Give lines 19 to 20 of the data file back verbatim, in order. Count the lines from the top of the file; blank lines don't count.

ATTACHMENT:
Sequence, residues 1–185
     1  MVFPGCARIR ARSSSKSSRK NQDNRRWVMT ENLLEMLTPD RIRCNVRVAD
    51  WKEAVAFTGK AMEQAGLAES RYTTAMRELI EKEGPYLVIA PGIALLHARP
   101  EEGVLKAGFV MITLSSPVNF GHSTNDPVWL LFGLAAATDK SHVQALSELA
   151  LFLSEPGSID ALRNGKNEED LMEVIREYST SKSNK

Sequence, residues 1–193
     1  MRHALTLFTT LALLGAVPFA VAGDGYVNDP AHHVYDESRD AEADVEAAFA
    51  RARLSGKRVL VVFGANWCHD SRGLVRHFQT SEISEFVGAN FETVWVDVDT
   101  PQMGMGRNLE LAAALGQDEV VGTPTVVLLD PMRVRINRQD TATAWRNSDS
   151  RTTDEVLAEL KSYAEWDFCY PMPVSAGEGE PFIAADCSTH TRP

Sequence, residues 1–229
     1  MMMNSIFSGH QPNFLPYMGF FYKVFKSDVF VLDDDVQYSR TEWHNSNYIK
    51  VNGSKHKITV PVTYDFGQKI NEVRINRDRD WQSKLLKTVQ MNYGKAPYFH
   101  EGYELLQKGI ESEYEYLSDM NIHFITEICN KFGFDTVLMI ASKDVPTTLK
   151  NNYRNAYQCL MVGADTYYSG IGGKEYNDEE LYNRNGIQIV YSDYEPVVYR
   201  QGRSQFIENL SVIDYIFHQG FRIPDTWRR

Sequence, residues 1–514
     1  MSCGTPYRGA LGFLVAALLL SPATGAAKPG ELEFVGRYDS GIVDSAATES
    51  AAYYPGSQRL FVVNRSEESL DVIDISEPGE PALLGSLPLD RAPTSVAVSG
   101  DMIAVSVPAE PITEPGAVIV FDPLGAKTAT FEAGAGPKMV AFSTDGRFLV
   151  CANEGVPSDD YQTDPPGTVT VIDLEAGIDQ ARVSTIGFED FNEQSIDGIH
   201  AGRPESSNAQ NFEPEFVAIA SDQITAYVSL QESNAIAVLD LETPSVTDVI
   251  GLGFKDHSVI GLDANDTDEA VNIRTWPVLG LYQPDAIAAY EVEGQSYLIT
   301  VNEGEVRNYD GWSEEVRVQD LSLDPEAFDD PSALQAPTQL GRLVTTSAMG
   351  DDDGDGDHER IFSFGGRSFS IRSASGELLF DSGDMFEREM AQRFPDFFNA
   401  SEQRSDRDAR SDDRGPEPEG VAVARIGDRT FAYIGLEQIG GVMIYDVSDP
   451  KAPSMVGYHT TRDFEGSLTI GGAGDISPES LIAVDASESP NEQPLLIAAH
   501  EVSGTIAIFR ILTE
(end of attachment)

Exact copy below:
    51  AAYYPGSQRL FVVNRSEESL DVIDISEPGE PALLGSLPLD RAPTSVAVSG
   101  DMIAVSVPAE PITEPGAVIV FDPLGAKTAT FEAGAGPKMV AFSTDGRFLV